Amber: [00:05:56] Well, when they go into this store, they expect to see exactly the thing that they looked at online. Because the other thing is... So they say, yes, we like to go in store and purchase things. That's great. But you know what? They also have done all the social before they get there.

Brian: [00:06:14] Right. Right.

Amber: [00:06:15] They've read the reviews. They've talked to their friends. They've done all of that research to get them there. So you've got to make sure that their experience is personalized, but also that it's linked to them across all of your experiences.

Brian: [00:06:33] Right. Like they need to be able to... It's almost like attribution. Kind of.

Amber: [00:06:38] Yeah.

Brian: [00:06:39] Yeah. That's huge. So what are some practical, high level ways that you feel like brands could do that? Or maybe you have some examples of ways that Watson has been applied to help brands to be able to do this for Gen Z.

Amber: [00:06:57] There are two, actually, that we just announced the last couple of days.

Brian: [00:06:59] Yeah. Yeah.

Amber: [00:06:59] Watson Customer Engagement. Hermès. And also HSN.

Brian: [00:07:04] Yeah.

Amber: [00:07:05] And so anything with Hermès, what they're doing is pricing optimization.

Brian: [00:07:08] Right.

Amber: [00:07:08] So they're looking at. OK. We have all of these stores... And they're the largest retailer in Cyprus. They have all of these stores. How do they optimize the prices in their stores? So it's the what and the when and the why.

Brian: [00:07:23] Yeah.

Amber: [00:07:24] They're powering all of this cognitive analytics and data behind it to make those decisions and then tying it in with the supply chain to know how much inventory do we have this thing? Is that inventory in the right location? Can we get it there? And they're able to make all those decisions happen automatically.

Brian: [00:07:43] Yeah. Yeah, yeah, definitely. So for a customer who is interacting with Hermès, and they're walking into the store, and they're seeing this pricing, what does that experience feel like? Is it something like you see prices dropping and following on the fly. Or is it something where it's like it's not actually apparent to them that anything different is actually happening?

Amber: [00:08:13] It shouldn't be apparent to them.

Brian: [00:08:14] In one of the keynotes, I think Levi's was saying one of the most common causes for abandonment of a purchase is being out of stock. And it kills merchants all the time. So being able to have that level of data and be able to make sure that things are priced appropriately, so that you're guaranteed to to be able to sell at any given time. That's huge.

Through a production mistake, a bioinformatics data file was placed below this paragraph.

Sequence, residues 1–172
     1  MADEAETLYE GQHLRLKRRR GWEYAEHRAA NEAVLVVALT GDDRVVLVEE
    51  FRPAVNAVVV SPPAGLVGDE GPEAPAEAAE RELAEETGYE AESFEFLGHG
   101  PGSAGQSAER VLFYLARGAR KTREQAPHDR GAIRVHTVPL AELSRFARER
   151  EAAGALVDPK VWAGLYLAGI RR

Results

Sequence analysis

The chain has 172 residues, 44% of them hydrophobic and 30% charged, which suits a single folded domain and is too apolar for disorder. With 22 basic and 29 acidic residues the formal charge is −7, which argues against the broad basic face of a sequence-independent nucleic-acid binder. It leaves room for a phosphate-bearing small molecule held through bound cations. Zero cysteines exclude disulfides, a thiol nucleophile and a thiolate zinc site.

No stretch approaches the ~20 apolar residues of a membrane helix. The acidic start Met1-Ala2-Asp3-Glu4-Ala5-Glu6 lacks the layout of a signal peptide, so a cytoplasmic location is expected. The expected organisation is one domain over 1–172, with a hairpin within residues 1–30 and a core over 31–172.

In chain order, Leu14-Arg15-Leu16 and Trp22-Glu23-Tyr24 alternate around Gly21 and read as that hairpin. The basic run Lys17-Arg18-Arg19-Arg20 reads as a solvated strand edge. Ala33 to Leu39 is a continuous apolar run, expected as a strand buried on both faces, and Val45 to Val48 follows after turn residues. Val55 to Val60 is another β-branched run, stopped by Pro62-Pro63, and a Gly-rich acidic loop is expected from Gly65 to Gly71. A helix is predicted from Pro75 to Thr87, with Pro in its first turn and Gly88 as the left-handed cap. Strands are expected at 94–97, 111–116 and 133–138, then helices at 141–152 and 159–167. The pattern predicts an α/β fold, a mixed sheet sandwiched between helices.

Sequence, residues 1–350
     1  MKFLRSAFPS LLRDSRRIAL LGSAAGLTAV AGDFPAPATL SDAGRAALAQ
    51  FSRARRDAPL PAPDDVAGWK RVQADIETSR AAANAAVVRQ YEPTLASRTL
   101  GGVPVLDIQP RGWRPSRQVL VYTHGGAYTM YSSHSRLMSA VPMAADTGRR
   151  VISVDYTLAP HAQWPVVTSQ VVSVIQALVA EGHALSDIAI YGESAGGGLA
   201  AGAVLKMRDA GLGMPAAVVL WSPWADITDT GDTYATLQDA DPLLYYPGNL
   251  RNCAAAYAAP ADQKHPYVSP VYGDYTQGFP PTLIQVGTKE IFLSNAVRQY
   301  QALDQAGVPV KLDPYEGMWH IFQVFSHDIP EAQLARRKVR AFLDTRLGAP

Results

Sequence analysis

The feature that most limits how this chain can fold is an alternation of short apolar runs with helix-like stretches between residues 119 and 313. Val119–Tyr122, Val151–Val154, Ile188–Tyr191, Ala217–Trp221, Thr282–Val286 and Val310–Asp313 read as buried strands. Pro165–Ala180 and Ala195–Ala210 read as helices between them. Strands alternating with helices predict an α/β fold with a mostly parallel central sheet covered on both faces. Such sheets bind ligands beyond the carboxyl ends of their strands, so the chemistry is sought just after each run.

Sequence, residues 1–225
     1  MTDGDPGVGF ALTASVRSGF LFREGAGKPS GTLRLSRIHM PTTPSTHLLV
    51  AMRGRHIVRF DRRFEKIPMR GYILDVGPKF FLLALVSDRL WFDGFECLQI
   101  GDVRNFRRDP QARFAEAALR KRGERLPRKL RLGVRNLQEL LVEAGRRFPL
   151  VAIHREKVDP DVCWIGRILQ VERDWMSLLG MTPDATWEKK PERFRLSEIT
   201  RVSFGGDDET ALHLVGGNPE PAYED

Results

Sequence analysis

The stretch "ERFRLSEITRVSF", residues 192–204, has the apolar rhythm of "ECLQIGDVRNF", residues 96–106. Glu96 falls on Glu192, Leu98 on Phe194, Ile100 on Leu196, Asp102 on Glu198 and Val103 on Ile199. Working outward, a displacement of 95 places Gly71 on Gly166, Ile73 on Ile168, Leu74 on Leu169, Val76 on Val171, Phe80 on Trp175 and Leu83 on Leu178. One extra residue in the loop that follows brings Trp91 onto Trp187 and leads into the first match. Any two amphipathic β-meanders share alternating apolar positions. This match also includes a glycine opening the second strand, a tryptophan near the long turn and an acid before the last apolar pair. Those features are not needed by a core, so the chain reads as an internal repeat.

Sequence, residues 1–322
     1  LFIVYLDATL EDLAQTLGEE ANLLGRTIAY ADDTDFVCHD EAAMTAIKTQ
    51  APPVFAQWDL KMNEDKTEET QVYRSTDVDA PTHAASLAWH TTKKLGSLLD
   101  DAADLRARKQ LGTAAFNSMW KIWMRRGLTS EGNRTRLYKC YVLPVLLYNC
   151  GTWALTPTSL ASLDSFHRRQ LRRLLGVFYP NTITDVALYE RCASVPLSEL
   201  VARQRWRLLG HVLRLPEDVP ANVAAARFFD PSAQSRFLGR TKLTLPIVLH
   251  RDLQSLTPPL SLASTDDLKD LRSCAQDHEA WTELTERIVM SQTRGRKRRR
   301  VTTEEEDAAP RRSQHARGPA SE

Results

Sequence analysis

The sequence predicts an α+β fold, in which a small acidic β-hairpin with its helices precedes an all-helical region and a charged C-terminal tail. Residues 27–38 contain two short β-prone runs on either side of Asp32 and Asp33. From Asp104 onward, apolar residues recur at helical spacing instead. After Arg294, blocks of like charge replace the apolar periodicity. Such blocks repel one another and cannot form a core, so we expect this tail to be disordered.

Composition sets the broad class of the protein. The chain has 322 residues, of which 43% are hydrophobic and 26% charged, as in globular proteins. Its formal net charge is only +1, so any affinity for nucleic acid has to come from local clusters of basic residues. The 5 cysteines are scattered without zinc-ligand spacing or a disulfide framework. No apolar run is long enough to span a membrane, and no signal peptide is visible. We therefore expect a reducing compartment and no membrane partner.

Amber: [00:08:38] Well, and also tying it across the three. Think about this, and this happens all the time, as much as we would love to say it doesn't. But marketing is like, oh, this ad is performing really well. I'm going to buy more space on Facebook for this ad. We can sell this lot. That's great. And then suddenly look at all this traffic from this ad and suddenly everything is personalizing on the website. And the guy over in China who is shipping the goods is like, what is going on?

Brian: [00:09:12] How? And then there's nothing to even sell anymore.

Amber: [00:09:14] Right.

Brian: [00:09:14] So if in reality, if you had left the price at a proper spot and advertised at a proper rate, then you would actually be able to meet your demand where it's at..

Amber: [00:09:27] And even being able to take the feedback from that. To have the marketer say, hey, we're seeing a lot of really great traction on this watch. This particular color. Feed that back in through the supply chain so that the guy who was actually manufacturing the watches starts making more blue watches.

Brian: [00:09:44] Right. Yeah.

Amber: [00:09:47] So that's going to increase your profits. It's going to increase sales.

Brian: [00:09:49] Absolutely.

Amber: [00:09:50] The whole thing will flow together. The challenge is these companies don't have the ability for this data to flow between these groups. These groups tend to be very siloed.

Brian: [00:10:01] Siloed. Definitely. Oh, yeah, no doubt. I have seen that before. It does cause problems. I think I can safely say that almost every merchant out there has felt this pain.

Amber: [00:10:13] Yes. Absolutely. Well, HSN is the other customer I mentioned. They're using Watson Marketing. So they're kind of on that front end I was talking about. So how do you make sure there's the same experience, right? Whether someone's watching Home Shopping Network on television, or they're online, or mobile, or whatever it is, making sure that they're seeing the same experience that they're able to participate appropriately.

Brian: [00:10:37] Yeah. Yeah. Definitely for all of you out there that have really invested your lives into responsive design, this is kind of like making your brand responsive across all channels. So it's really amazing.

Amber: [00:10:49] That's a great way to put it. It really is making sure that that exact same experience shows up no matter where someone is.

Brian: [00:10:57] Yeah, that's something that I think little merchants, again, wish that they could do and would have the confidence that that's actually happening. I think right now they don't even necessarily know half the time. So, yeah, it's great. Cool. I mean, I think one of the things that I talked about this earlier, the power of Watson, it almost seems limitless. I mean, it's AI. It's such a broad idea in itself. And so one of the things that we've talked about on the show before, and we had a Watson SME from your partner network come on the show before. And he talked about some of things that Watson is able to do. But it'd be really great to kind of hear that reiterated again. How would how would a retailer or merchant best go about actually applying Watson to their business? How can they actually engage with IBM to say, OK, yeah, this is what I need from Watson and this is what Watson can do for me. What does that experience look like?